When the catalogue arrived, with a hard copy image of the watch in my hands, I felt the first twinges of that urge to own.  I phoned Christie’s and spoke to Richard Chadwick, head of watches for the auction house in London.  We arrange a pre-auction viewing.


Auction houses are not museums.  You are encouraged to examine any item you’d like to own.  At the watch viewing, people try on watches and even open them to have a look inside.  The watch I wanted kept good time and sat handsomely on my wrist.

Mr. Chadwick explained that wristwatches became popular during World War I.

In the trenches, with mud, rats and enemy fire, it was easier to look at your wrist than fumble for a pocket watch.  The vintage era stretches from that time until 1970, when quartz watches appeared.

“What matters in vintage watches is who made it, when it was made and to a lesser extent the materials used,” Mr. Chadwick said.  “Patek Philippe is regarded as the best but watch aficionados appreciate Vacheron Constantin.  Vintage watches are very subjective. It comes down to whether or not you like it.”

When asked why auction prices are lower than prices charged by a vintage watch dealer, Mr. Chadwick pointed out that dealers often restore watches before selling them and need to recoup that investment.  At auctions, watches are sold “as is,” although watch experts advise bidders on how much restoration a particular watch may need.

He told me that the dial of the watch I was interested in had been refinished, not unusual for a watch that is almost 60 years old, but that it was in good condition.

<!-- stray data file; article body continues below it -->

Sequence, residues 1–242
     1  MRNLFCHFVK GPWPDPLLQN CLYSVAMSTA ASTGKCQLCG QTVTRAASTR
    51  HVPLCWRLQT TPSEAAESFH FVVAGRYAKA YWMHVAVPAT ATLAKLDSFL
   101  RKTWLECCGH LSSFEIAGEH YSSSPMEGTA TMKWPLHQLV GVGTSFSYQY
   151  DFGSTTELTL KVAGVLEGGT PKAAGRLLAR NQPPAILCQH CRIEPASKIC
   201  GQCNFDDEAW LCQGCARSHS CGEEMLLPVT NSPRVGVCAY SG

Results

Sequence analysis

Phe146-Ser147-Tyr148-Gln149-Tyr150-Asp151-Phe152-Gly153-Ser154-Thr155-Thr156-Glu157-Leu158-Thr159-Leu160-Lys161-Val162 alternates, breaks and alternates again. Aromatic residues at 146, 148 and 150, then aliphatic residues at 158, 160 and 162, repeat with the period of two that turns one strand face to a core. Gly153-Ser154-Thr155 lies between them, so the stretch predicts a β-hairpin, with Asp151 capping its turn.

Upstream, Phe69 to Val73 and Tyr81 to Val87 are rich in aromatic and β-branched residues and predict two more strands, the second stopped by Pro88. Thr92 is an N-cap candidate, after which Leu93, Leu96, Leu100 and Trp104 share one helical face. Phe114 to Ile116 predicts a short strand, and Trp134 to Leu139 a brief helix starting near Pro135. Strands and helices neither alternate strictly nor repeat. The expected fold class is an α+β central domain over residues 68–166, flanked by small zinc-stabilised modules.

As for how much to bid, Mr. Chadwick said the watch had admirers and might fetch £2,000 ($3,000).  He suggests a limit near that figure.  My limit also needs to include the buyer’s premium – a charge on the final price paid by the buyer to the auction house and set at 19.5% on items under £70,000 ($105,000).

In the U.K., vintage watches do not incur VAT, but it is charged on the buyer’s premium, at 17.5%.

I decide my limit is £1,500. Considering the buyer’s premium and VAT, I must stop bidding at £1,200 ($1,800).

I was bidding in person, so I registered with Christie’s on the day of the auction.  Registration requires two forms of identification and completion of a document confirming my name, address, and bank details.  In return, I was given a paddle – a large card with a number on it.  Mine is 482.  Auctioneers do not accept bids from anyone without a paddle number.

Bidding began at 10:30 a.m.  Eighty-five lots an hour were sold, so for about two hours, I relaxed and enjoyed the drama of an auction.